4/23/14 – SHRA’s Jennifer Stevens interviewed for Boise State Public Radio Story

Earlier this month, Jennifer Stevens was interviewed by Scott Graf of Boise State Public Radio for a feature the station ran on Boise’s 1959 mudslide.  It is a topic we’ve discussed on the blog before, and one that has gained more attention in the aftermath of the devastating landslide last month in Oso, WA.  Click… Read the Rest »

4/7/14 – The Mission Mountain Tribal Wilderness Area

Editor’s Note:  Today’s blog post is courtesy of SHRA’s graduate student intern HannaLore Hein. Last fall, as a board member of the Center of the American West, I was lucky enough to attend their annual Board Member Retreat. Every year the Center’s staff plans a four day excursion to a western location so board members… Read the Rest »

3/7/14 – Competing Interests: Grazing, Timber, and the U. S. Forest Service

Editor’s Note: This is the second installment in a series of blogs by SHRA Research Associate Naomi Heindel on the history of the United States Forest Service. This installment focuses on the tensions, those of a century ago and those of today, between the Forest Service and western grazing and timber interests. As I wrote… Read the Rest »

2/26/14 – Meet Mark Steel

Editor’s Note: Today’s blog post is from SHRA’s Stephanie Milne-Lane. Growing up, my parents’ kitchen table was the landing spot for a variety of disparate objects like backpacks, bills, and water bottles. But no matter how much was thrown on top, a small archive of Newsweek magazines could always be found beneath the daily rubble…. Read the Rest »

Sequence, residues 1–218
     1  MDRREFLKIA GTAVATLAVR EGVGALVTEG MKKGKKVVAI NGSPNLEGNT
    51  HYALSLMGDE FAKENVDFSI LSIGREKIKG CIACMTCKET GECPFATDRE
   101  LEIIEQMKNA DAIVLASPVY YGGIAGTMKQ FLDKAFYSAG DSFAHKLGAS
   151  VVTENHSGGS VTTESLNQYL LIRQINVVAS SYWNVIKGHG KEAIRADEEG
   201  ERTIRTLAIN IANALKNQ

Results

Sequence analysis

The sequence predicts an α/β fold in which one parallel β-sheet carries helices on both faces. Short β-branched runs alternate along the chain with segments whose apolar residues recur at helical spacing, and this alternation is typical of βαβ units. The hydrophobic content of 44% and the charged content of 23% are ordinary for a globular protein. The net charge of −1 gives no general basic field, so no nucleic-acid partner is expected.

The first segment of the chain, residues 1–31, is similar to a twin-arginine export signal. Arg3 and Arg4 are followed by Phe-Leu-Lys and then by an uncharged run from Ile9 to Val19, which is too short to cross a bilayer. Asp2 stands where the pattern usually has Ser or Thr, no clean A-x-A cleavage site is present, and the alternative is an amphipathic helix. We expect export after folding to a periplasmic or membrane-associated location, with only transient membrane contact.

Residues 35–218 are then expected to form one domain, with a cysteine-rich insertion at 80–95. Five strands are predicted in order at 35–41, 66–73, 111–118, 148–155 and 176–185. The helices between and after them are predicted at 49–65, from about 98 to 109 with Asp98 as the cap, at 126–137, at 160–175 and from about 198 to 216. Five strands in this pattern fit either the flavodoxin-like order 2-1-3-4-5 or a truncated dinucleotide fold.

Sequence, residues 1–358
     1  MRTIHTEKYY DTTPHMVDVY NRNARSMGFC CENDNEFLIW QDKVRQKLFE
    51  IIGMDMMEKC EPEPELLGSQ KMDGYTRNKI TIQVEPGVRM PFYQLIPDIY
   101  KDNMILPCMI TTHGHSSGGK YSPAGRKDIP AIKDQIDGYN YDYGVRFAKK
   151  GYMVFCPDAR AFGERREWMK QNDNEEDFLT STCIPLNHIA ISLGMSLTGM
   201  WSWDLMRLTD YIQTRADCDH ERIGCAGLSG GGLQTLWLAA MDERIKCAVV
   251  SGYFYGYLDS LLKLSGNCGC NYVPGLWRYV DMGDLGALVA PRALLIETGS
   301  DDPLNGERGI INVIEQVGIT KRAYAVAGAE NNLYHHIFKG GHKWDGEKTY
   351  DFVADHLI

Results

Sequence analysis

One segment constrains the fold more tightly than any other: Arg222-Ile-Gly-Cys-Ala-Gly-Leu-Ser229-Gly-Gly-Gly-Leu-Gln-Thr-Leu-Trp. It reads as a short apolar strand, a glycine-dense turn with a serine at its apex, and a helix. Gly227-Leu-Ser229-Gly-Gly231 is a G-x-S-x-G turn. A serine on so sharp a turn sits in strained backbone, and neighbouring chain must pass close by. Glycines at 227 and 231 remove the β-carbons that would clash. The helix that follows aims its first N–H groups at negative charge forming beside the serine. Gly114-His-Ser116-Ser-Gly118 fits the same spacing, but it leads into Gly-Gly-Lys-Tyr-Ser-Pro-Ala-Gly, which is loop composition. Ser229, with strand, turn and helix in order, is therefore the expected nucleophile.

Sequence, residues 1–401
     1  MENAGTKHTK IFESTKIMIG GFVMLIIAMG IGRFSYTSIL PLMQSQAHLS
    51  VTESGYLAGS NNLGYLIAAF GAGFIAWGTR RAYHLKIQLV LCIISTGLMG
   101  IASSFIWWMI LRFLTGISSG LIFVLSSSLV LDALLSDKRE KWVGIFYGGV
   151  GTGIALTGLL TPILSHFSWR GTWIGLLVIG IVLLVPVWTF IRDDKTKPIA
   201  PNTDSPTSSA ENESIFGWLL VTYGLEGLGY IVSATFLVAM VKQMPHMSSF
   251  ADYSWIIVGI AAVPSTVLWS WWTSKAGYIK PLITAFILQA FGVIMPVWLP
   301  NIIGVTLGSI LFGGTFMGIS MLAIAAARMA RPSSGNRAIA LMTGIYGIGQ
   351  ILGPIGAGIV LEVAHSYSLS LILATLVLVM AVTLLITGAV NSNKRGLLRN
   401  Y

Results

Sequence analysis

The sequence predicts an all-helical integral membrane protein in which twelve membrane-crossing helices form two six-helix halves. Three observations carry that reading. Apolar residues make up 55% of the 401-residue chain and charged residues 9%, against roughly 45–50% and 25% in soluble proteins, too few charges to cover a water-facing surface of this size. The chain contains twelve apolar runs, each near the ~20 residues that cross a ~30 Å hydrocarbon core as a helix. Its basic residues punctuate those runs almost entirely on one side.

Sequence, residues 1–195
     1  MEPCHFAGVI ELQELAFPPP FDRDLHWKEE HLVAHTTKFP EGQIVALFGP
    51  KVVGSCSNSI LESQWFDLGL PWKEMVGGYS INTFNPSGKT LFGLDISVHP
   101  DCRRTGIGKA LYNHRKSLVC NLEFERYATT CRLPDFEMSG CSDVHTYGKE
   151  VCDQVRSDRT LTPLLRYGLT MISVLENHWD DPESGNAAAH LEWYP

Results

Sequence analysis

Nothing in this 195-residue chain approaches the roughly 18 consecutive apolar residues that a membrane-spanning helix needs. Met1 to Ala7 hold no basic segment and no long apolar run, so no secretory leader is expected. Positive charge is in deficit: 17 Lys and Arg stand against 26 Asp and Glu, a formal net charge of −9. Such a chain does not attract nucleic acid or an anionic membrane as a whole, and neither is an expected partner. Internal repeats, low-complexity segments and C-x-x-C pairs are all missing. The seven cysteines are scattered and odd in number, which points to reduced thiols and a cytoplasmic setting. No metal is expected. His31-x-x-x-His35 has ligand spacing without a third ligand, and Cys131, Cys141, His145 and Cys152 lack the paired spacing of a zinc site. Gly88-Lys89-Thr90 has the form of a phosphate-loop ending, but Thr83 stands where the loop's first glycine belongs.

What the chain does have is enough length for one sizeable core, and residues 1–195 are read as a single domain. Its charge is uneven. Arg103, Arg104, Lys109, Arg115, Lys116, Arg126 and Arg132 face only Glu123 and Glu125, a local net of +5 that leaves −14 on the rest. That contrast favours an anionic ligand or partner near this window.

1/24/14 – History at the Movies, Part 2

Copious movies over the past several years have used the film industry’s iconic motto of “lights, camera, action” to portray historical stories, both fictional and factual. While Hollywood’s films have targeted a variety of timeframes and places, the history of race relations in the United States has occupied many movie makers since 2011. In these… Read the Rest »

1/10/14 – History at the Movies, Part 1

There’s no better time to think about the role that history plays in making movies with the movie award season just around the corner. Conversely, it’s interesting to explore the role that movies play in making history. This March will mark the 86th annual Academy Awards, and over the past eight decades, a cavalcade of… Read the Rest »

12/13/13 – The U.S. Forest Service: Setting the Scene

Editor’s Note:   Today’s blog post is by SHRA Research Associate Naomi Heindel.   What is the greatest good? Who makes up the greatest number, and who is often left out? How long is the long run? The United States Forest Service has struggled with these and similar questions for decades, as it has attempted to satisfy… Read the Rest »

11/22/13 – Favorite Reading Rooms: Archives II

Reading rooms are a funny thing. Some are quaint and a breeze to navigate. Others are a maze both in how records are organized and where you can find a seat. At a recent staff meeting, our researchers began talking about their favorite archives and reading rooms. We’ve researched in a range of places, including… Read the Rest »

11/1/13 – An Entrepreneurial Education:Bridging History and Business

Today’s blog post was written by HannaLore Hein, SHRA’s fall intern.  Learn more about HannaLore here. “Entrepreneurialism” and “History” are two words that don’t often end up in the same sentence… at least that has been my experience, until recently. I have always had a passion for history, but I cannot say the same about… Read the Rest »

10/11/13 – Revisiting the Great Mud Bath of 1959 in the Boise Foothills

One of the things that gives Boise its particular sense of place is the Boise Front, the range of foothills that rise to the Northeast of town and stretch to the Rocky Mountain range.  In 2001, Boise voters approved a $10 million dollar levy dedicated to acquiring open space in the Foothills jumpstarting conservation of… Read the Rest »

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